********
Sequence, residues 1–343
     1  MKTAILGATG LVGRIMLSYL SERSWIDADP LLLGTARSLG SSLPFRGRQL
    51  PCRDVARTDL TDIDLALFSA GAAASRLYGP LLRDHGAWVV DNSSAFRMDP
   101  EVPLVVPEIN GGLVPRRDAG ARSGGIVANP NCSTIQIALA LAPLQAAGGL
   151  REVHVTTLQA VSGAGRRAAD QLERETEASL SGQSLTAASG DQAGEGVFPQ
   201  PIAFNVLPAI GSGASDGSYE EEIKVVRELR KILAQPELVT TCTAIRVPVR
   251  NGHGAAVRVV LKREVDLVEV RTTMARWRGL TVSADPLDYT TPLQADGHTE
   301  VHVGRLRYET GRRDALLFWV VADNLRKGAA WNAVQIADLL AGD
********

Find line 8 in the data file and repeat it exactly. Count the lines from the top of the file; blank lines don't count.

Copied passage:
   301  VHVGRLRYET GRRDALLFWV VADNLRKGAA WNAVQIADLL AGD